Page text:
Friday, 20 July 2012

Recent Supreme Court of Canada Copyright Decisions Pave the Way for Research and Innovation by Expanding the Ambit of Fair Use

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Copyright law is designed to strike a careful balance between the property rights of authors in their original works and the public interest rights to foster economic and social progress [1]. Historically, copyright jurisprudence tended to favor the economic interest of authors by narrowly defining the scope of available defences to copyright infringement claims.  Recently however the defence of fair use has been the subject of heightened judicial analysis [2] in CCH Canadian Ltd. v. Law Society of Upper Canada, where the Supreme Court of Canada laid out a two pronged test for the determination of a valid fair dealing defence to copyright infringement pursuant to section 29 of the Copyright Act.  The first prong of the test is a determination of the purported infringing action – can it be construed as “research or private study”, or “criticism or review” ,or does it constitute “news reporting”? In the event that the impugned infringing activity meets the first prong of the test then the second enquiry looks at factors such as “the purpose, character, and amount of the dealing; the existence of any alternatives to the dealing; the nature of the work; and the effect of the dealing on the work” to determine if in fact the appropriation of the work may be construed as “fair dealing”.

The increased focus on re-balancing competing copyright interests is largely driven by the juxtaposition of globalization and the growth of the digital economy[3]   There are those who argue[4] that the current copyright regime is based on eighteenth century concepts of property rights that advocated “artificial scarcity…and by analog limitations on copying,”. The digital economy on the other hand makes copying infinitely easier resulting in the “democratization” of content.
So what constitutes fair use in the context of the fast paced and transformative digital economy?  The Supreme Court of Canada has ruled on a series of five copyright cases that legal analysts believe may re-balance copyright law by tilting it more toward the public interest. The five cases address a wide spectrum of vexing problems that span copying textbooks, music downloading and place limits on the application of tariffs which regulators such as the Copyright Board may levy. Michael Geist a leading legal expert commented that in these decisions [5] “the court has delivered an undisputed win for fair dealing that has positive implications for education and innovation, while striking a serious blow to copyright collectives such as Access Copyright” and that” the court has recognized that innovation...is crucial to the economy…” These cases have held that cable companies and internet providers are not required to pay royalties for music downloads as it is tantamount to sampling merchandize before consumers decide on what to purchase, that school boards are not required to pay tariffs on selective copying of materials from textbooks  designed for study and research purposes.. Of particular significance of these decisions is the liberal interpretation of the meaning of “research” which “can include many activities that do not demand the establishment of new facts or conclusions. It can be piecemeal, informal, exploratory, or confirmatory. It can in fact be undertaken for no purpose except personal interest…”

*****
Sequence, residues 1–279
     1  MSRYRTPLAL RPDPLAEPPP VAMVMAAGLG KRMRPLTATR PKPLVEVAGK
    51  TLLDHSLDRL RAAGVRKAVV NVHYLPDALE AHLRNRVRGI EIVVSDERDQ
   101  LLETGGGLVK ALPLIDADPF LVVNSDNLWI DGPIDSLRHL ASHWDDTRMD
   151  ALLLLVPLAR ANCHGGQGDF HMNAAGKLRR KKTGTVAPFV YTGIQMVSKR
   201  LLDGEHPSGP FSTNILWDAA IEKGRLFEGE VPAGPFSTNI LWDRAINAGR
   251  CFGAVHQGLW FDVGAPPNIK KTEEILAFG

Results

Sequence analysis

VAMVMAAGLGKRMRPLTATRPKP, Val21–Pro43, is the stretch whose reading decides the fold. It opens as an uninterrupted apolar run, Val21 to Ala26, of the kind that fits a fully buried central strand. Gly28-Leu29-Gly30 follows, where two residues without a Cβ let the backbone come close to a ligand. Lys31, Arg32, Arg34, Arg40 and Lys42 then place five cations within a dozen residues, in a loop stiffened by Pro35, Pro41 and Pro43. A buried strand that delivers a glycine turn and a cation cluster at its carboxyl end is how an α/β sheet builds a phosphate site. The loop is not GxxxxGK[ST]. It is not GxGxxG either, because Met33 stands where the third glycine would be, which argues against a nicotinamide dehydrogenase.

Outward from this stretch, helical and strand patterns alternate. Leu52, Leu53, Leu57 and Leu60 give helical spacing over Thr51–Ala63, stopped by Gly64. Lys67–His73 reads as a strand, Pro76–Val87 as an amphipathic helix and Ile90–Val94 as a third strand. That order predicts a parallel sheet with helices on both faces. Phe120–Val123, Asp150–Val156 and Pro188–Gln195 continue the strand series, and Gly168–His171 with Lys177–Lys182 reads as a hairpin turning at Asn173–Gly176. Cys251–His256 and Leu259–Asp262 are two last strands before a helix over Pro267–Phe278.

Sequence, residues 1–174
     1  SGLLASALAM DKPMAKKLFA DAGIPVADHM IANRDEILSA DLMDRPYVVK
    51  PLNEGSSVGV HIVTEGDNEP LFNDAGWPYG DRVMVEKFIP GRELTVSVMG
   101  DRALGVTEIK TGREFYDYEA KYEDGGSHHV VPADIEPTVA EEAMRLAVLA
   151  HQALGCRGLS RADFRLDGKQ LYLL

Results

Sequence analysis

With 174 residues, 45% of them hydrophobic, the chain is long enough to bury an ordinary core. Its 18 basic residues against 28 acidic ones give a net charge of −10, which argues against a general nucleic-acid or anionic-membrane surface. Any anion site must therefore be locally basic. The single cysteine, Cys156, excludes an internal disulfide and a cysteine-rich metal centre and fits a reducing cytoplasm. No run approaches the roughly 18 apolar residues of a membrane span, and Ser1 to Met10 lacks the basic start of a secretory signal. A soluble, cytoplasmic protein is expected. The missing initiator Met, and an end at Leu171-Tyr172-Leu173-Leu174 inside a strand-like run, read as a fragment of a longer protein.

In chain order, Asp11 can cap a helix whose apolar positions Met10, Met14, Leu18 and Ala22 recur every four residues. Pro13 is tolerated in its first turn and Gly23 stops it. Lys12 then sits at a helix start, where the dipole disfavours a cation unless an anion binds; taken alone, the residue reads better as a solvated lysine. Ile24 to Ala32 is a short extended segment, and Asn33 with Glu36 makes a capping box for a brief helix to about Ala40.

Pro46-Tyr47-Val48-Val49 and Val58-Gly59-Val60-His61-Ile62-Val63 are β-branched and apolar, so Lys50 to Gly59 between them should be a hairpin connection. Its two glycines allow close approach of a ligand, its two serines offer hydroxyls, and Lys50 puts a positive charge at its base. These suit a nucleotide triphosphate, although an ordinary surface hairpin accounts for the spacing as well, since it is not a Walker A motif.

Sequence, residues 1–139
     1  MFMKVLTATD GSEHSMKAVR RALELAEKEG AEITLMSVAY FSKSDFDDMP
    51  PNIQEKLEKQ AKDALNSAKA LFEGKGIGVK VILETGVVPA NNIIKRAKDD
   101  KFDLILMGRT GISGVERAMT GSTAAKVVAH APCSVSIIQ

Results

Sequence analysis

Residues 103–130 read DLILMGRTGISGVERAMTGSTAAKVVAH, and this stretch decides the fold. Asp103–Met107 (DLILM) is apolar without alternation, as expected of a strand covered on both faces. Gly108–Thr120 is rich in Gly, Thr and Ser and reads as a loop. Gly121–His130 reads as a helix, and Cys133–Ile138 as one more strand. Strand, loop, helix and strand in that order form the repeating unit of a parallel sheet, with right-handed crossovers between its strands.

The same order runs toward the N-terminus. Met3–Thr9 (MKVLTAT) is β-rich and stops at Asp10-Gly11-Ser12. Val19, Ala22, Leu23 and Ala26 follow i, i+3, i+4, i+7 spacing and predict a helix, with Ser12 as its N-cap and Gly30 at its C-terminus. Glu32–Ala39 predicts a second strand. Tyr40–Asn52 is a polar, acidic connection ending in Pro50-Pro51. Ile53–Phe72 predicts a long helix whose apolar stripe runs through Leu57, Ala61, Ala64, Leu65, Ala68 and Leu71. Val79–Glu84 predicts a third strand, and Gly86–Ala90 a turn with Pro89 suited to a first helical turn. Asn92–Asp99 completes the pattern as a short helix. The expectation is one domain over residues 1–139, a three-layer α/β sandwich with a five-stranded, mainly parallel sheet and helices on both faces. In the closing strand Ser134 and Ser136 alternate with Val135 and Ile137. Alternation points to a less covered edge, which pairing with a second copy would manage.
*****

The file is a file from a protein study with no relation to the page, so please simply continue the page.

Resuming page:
These decisions affirm that there is greater good in expanding fair use to copying that may otherwise be protectable copyright in light of the rapid advancement of the digital economy. A broader interpretation of fair use can accelerate innovation and foster economic opportunity.  As the Oxford Economic Report on the New Digital Economy observed “ the new digital playing field has all but obliterated the old working models for the music, publishing and field industries…With information becoming a commodity…firms are switching from subscription fees to “freemium” pricing that combines free services with paid-for subscription services…” 

The Government of Canada  is placing increased emphasis on the strategic value of data characterizing it as  “Canada’s new natural resource”[6].  As an integral part of the Action Plan on Open Government[7] open data aims to provide “raw data available in machine readable format to citizens, governments, not for profit and private sector organizations to leverage it in innovative and value added ways.”  This contemplates the implementation of a licensing scheme that removes the current restrictive application of section 12 of the Copyright Act that protects Crown Copyright including compilations of data. A proposed “universal open government license” is designed to remove such restrictions and the recent Supreme Court of Canada decisions in expanding the fair sue doctrine may further accelerate the process. 
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[1] Th├ęberge v. Galerie d’Art du Petit Champlain inc., 2002 SCC 34, The Copyright Act is usually presented as a balance between promoting the public interest in the encouragement and dissemination of works of the arts
and intellect and obtaining a just reward for the creator (or, more accurately, to prevent someone other than the creator from appropriating whatever benefits may be generated
[2] CCH Canadian Ltd. v. Law Society of Upper Canada, [2004]
[3] The New Digital Economy How it will transform business, Oxford Economics, 2011 the total size of digital economy is estimated at $20.4 trillion, equivalent to roughly 13.8% of all sales flowing through the world economy.
[4] How to Fix Copyright, Bill Patry Oxford University Press
[5] ESAC v. SOCAN, Rogers v. SOCAN, SOCAN v. Bell - song previews, Alberta v. Access Copyright, Re:Sound
[6] Tony Clement, July 12, 2012, Winnipeg Free Press

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